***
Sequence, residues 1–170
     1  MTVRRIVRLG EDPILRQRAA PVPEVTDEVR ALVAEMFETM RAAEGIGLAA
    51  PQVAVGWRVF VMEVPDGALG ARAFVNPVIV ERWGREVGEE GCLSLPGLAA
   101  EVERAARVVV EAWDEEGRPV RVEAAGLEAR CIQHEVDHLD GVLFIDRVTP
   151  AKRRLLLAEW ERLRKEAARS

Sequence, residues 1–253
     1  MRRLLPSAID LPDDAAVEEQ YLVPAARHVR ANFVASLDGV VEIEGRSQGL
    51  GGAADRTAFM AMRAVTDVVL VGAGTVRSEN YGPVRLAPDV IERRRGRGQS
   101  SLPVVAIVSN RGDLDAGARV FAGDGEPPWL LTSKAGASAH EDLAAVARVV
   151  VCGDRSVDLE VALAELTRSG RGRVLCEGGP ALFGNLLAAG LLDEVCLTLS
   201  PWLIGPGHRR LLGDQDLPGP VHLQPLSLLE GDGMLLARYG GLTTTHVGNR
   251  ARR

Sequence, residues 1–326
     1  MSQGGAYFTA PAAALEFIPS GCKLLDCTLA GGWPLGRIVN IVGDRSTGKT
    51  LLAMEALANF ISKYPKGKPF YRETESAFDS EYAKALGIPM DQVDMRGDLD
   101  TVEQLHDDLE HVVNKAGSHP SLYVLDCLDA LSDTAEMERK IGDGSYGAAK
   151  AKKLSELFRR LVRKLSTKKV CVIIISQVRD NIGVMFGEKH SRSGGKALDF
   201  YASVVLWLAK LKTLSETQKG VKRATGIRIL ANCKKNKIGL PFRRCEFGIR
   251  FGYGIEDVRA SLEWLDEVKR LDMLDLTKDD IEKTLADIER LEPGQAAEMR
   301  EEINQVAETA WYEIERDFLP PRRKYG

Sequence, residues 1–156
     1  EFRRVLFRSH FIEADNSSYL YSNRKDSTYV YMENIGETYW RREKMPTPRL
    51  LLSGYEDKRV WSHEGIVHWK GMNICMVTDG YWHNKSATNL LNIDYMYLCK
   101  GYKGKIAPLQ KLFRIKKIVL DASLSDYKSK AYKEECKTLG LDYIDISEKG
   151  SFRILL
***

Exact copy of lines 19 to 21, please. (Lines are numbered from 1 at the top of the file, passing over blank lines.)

   251  FGYGIEDVRA SLEWLDEVKR LDMLDLTKDD IEKTLADIER LEPGQAAEMR
   301  EEINQVAETA WYEIERDFLP PRRKYG

Sequence, residues 1–156